The Third Manifesto

From Wikipedia, the free encyclopedia
Jump to: navigation, search

The Third Manifesto (1995) is Christopher J. Date's and Hugh Darwen's proposal for future database management systems, a response to two earlier Manifestos with the same purpose. The theme of the manifestos is how to avoid the 'object-relational impedance mismatch' between object-oriented programming languages and relational database management systems. The Third Manifesto proposes to maintain the relational model for databases and to support objects as user-defined types.

A major theme of the manifesto is to explain how the inadequacies of existing relational database management systems are not shortcomings of the relational database model per se, but rather, of implementation decisions in those systems, and of the SQL query language that most of these systems use.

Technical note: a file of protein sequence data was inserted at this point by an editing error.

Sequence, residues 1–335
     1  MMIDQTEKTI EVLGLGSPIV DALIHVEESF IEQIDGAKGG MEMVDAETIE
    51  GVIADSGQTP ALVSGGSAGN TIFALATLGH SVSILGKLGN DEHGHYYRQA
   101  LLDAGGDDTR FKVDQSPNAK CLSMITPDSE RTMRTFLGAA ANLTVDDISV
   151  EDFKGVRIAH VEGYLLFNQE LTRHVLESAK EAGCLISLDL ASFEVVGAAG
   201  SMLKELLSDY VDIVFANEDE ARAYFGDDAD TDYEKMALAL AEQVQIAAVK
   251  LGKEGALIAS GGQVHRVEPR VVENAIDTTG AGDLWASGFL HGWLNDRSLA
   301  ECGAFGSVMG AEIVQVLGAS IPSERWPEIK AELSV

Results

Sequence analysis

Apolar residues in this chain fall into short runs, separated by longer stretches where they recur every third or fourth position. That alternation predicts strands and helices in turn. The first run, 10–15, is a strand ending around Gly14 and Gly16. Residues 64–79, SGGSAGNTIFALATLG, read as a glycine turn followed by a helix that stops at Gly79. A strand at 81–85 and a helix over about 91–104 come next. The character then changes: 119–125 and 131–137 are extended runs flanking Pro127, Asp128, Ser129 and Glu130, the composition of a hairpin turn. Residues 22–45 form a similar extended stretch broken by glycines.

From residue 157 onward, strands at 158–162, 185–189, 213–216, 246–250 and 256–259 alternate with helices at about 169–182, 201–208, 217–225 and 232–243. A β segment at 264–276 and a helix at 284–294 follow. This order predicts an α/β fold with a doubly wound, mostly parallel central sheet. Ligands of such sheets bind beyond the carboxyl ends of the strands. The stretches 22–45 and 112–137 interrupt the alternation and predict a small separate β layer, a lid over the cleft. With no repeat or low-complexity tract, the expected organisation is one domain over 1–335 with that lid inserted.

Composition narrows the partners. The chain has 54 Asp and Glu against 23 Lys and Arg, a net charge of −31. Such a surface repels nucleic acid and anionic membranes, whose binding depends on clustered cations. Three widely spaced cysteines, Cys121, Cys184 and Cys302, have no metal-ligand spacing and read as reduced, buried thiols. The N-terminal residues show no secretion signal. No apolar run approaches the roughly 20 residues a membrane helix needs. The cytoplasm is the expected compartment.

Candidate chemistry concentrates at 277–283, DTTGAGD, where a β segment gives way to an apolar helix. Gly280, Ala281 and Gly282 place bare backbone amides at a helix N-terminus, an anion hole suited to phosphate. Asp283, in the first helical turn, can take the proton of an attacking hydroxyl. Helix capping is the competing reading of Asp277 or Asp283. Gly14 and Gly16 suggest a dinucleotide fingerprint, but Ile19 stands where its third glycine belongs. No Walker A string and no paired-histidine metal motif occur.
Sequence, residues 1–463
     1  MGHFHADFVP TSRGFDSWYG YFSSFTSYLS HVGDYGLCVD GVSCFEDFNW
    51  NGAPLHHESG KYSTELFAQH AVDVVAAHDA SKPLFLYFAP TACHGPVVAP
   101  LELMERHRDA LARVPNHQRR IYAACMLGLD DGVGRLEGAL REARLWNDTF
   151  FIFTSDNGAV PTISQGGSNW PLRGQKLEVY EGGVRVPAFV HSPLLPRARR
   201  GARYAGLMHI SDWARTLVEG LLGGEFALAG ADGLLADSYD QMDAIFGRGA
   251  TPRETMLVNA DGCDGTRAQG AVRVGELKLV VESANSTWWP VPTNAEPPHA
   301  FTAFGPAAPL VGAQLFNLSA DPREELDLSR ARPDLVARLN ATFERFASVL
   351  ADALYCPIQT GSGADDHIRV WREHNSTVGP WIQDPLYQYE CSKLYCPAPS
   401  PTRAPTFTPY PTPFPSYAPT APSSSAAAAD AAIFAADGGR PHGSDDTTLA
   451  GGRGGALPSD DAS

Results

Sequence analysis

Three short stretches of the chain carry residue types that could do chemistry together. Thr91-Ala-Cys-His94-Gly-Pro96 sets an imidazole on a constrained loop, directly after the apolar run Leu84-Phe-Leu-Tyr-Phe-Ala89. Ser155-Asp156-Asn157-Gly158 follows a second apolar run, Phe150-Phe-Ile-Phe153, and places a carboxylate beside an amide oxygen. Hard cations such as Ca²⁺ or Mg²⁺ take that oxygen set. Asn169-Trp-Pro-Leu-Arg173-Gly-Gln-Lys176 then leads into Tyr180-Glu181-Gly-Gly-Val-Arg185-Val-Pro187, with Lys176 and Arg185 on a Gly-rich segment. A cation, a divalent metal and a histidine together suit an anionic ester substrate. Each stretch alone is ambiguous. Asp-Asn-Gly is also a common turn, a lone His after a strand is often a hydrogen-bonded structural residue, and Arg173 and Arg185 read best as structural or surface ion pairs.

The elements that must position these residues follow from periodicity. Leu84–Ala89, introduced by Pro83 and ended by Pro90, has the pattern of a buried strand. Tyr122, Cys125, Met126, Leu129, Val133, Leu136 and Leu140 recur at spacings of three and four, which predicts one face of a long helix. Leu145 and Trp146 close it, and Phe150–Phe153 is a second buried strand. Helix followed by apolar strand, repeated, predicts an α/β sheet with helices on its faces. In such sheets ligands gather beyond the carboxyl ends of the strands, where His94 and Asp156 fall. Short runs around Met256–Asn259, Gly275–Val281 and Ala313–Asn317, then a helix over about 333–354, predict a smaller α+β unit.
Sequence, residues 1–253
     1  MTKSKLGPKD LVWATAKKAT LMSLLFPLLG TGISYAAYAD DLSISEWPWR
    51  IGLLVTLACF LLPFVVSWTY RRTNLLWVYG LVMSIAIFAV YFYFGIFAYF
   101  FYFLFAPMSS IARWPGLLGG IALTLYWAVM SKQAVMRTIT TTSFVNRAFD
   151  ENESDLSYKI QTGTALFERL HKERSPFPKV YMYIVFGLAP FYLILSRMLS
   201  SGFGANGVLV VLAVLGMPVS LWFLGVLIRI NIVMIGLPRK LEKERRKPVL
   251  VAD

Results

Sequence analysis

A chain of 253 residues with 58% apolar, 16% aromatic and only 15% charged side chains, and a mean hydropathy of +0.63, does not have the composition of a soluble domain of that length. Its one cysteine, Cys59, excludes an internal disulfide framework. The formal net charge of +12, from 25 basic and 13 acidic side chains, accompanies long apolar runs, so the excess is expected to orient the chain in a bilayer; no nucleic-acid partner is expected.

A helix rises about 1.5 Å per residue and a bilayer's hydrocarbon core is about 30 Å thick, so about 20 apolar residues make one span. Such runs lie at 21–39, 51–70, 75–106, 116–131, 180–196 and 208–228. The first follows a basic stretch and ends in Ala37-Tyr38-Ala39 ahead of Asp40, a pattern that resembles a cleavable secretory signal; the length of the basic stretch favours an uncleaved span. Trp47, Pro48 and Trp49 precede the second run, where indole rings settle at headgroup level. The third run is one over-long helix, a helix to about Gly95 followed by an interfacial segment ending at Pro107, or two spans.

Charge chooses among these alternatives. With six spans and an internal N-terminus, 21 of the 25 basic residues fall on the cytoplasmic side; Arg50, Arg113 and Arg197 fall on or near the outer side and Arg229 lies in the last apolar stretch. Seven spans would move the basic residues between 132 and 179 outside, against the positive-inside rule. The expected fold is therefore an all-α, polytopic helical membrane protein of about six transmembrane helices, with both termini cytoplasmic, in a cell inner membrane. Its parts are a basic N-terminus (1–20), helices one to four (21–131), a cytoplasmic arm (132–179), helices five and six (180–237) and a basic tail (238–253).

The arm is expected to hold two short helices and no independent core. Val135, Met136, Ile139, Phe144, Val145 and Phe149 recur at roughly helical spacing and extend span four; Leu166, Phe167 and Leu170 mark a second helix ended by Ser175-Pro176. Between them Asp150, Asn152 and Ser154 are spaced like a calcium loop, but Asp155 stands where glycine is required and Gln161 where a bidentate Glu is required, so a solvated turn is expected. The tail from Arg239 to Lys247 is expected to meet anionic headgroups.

The manifesto describes an alternative to SQL, named D. D is a specification of desirable characteristics of a database language, rather than a specific syntax or grammar. As such, it describes a family of languages rather than any particular language. However, as an example, a particular member of the hypothetical D "family" called Tutorial D is described in detail, including significant portions of its grammar.

Several partial implementations of D exist, including:

Bibliography[edit]

External links[edit]

  • Official website - including errata, related materials, and a PDF version of The Third Manifesto.
  • PDF version of the February 7, 2013 version of The Third Manifesto